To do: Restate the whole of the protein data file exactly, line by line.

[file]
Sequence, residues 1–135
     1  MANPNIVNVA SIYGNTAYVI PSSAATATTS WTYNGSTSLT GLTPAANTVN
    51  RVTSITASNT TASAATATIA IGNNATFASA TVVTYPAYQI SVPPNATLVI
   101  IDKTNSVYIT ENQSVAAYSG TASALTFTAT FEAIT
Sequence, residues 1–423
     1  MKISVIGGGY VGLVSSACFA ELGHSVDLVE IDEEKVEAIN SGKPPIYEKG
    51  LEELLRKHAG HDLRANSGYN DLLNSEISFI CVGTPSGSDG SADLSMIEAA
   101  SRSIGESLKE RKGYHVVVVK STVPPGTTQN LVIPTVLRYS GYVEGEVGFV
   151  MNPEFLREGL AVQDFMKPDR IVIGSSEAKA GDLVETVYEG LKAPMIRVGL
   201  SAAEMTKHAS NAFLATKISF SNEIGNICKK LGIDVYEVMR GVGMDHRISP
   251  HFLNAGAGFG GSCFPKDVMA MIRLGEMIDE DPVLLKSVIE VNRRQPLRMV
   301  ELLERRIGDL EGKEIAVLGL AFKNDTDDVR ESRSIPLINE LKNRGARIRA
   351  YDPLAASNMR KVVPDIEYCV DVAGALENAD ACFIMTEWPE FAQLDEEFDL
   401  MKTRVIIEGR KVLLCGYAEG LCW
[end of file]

Sequence, residues 1–135
     1  MANPNIVNVA SIYGNTAYVI PSSAATATTS WTYNGSTSLT GLTPAANTVN
    51  RVTSITASNT TASAATATIA IGNNATFASA TVVTYPAYQI SVPPNATLVI
   101  IDKTNSVYIT ENQSVAAYSG TASALTFTAT FEAIT
Sequence, residues 1–423
     1  MKISVIGGGY VGLVSSACFA ELGHSVDLVE IDEEKVEAIN SGKPPIYEKG
    51  LEELLRKHAG HDLRANSGYN DLLNSEISFI CVGTPSGSDG SADLSMIEAA
   101  SRSIGESLKE RKGYHVVVVK STVPPGTTQN LVIPTVLRYS GYVEGEVGFV
   151  MNPEFLREGL AVQDFMKPDR IVIGSSEAKA GDLVETVYEG LKAPMIRVGL
   201  SAAEMTKHAS NAFLATKISF SNEIGNICKK LGIDVYEVMR GVGMDHRISP
   251  HFLNAGAGFG GSCFPKDVMA MIRLGEMIDE DPVLLKSVIE VNRRQPLRMV
   301  ELLERRIGDL EGKEIAVLGL AFKNDTDDVR ESRSIPLINE LKNRGARIRA
   351  YDPLAASNMR KVVPDIEYCV DVAGALENAD ACFIMTEWPE FAQLDEEFDL
   401  MKTRVIIEGR KVLLCGYAEG LCW